Anyway glad to see Ken posting more frequently and have told all my (3!!) Aussie pals about this blog and its style.


    1. Thanks again for reading, Alison. Sorry about that Captcha code. It messes me up as well, if that’s any consolation, but without it we’d be overrun with spam. Delicious spam.

      1. Mmm spam! Sliced thinly I could eat the whole damn can like that.

        Hah I am only on a phone and find it painfully tedious to type on it so by the time I have finished my verbose post I am impatient to press the button. I am learning to be more methodical!

        Also u know here in Aust there is a new push for Asian literature and intercultural texts…if u could write a clean little novella or non fiction piece about ur experiences in Japan I am sure it could tick both those boxes for the aust curriculum and u could make some good ol cash out of ur lovely writing style. Or at least help so many young people who yearn to go to Japan to fulfil their anime-inspired fantasies come to some more realistic understanding of the perpetual othering etc.

        I think the insights I have gleaned here have helped me to at least temper my son’s fascination w all things Japanese…so I am grateful for that 🙂

        I used your rhetorical question about learning a language which opens doors and inspires friendliness…like English!

        Like Peter Carey’s Wrong about Japan…so many schools here have taken it on as a text for that reason…

        He comes to the conclusion that it is unkowable as a gaijin.

        I digress.

        Capthca captcha press the bloomin’ captcha buttons now!!

    2. Alison,

      I remember that short story, “The Pedestrian” by Bradbury and I think it was one of the lead-ins to his “Fahrenheit 451” book. It was about a future where no one goes outside anymore and it might have been a comment on people of that time period becoming addicted to watching TVs… And if you find it plausible you could see a direct correlation of that society described in the story to the Hikikomori situation in Japan today. The automated police car does make one think of robotic security devices, some of which are just now being deployed in several locations around the world (like Israel). Bradbury was always way ahead of his time and he loved provocative subject material, but he was never good at HARD science fiction, which being a NASA person I found even more interesting. Still as a visionary, he was almost unparalleled.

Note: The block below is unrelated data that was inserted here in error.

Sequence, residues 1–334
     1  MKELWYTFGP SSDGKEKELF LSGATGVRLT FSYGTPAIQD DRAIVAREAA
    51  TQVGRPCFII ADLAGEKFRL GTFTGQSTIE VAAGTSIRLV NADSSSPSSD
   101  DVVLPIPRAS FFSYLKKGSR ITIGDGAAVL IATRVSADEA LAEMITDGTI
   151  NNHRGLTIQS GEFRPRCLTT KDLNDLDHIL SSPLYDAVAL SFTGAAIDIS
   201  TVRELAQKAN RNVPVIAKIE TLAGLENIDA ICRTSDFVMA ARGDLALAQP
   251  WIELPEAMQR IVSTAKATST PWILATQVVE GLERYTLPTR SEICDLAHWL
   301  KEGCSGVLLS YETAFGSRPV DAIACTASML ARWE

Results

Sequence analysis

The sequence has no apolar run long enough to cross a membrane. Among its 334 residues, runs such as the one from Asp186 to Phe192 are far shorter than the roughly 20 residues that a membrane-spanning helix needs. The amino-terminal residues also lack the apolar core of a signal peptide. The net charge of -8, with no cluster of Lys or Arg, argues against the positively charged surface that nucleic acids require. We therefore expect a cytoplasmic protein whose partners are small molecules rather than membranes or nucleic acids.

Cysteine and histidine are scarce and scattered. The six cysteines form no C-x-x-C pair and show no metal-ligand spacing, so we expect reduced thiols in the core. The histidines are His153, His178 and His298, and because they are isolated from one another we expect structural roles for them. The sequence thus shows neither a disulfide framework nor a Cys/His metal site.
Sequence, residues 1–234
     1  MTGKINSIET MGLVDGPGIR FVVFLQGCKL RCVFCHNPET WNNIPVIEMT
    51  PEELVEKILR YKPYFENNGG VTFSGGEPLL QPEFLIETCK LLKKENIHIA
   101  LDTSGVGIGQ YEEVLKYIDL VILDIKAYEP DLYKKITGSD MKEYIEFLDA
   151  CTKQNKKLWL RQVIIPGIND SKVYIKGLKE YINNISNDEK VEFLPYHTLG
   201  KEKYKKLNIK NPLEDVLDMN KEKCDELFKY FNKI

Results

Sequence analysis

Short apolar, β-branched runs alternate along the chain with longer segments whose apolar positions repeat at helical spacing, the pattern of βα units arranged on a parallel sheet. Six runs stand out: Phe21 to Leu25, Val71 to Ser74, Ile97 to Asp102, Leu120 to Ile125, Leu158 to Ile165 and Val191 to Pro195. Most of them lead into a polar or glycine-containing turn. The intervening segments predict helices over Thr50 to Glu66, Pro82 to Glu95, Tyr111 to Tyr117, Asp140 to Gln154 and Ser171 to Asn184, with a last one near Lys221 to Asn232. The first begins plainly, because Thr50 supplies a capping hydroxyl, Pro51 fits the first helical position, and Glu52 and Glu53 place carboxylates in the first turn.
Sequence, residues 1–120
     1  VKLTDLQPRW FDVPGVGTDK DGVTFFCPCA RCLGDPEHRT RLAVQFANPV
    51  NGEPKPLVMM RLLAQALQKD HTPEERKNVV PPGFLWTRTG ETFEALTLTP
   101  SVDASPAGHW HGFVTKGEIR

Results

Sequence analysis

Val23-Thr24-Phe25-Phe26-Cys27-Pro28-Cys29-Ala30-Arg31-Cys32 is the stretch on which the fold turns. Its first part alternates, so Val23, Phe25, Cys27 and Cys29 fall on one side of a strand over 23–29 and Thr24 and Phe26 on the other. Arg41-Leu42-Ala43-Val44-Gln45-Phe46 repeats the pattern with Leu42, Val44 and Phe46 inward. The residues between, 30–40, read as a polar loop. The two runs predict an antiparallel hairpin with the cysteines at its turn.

Just read the other day about China planning on instituting a “Citizenship score” for every citizen and tying it to their ID. They plan to use meta-data collected by Alibaba and add in police files and then (version of) NSA records that track all the Chinese social media. I hear they will watch those people whose score falls low and reward higher scores with privileges that might include lower taxes, access to modern housing (like those new cities they are building with no people living in them yet), as well as rights to travel outside the country and invest in other types of market opportunities. They just might be the first country to create Big Brother.

      “The Moon is a Harsh Mistress” is a hard book to start reading because it has its own language, which is a mixture of Chinese, Russian Spanish and English. I would recommend reading slowly until you get the subtleties of the writing. I had a great deal of problems reading it at first, but I was determined to get to the end. Good luck on getting there.